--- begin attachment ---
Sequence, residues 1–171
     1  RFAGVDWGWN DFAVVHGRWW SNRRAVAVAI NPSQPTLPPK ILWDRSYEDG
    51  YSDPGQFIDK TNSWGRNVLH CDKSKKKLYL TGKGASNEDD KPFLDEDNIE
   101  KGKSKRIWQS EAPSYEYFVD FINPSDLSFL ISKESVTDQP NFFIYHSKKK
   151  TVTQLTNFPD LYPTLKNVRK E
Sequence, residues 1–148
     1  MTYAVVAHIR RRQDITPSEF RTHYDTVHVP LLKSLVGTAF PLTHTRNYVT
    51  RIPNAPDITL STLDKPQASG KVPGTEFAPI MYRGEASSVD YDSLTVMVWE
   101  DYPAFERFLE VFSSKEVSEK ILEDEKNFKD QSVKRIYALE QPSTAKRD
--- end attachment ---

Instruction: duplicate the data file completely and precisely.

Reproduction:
Sequence, residues 1–171
     1  RFAGVDWGWN DFAVVHGRWW SNRRAVAVAI NPSQPTLPPK ILWDRSYEDG
    51  YSDPGQFIDK TNSWGRNVLH CDKSKKKLYL TGKGASNEDD KPFLDEDNIE
   101  KGKSKRIWQS EAPSYEYFVD FINPSDLSFL ISKESVTDQP NFFIYHSKKK
   151  TVTQLTNFPD LYPTLKNVRK E
Sequence, residues 1–148
     1  MTYAVVAHIR RRQDITPSEF RTHYDTVHVP LLKSLVGTAF PLTHTRNYVT
    51  RIPNAPDITL STLDKPQASG KVPGTEFAPI MYRGEASSVD YDSLTVMVWE
   101  DYPAFERFLE VFSSKEVSEK ILEDEKNFKD QSVKRIYALE QPSTAKRD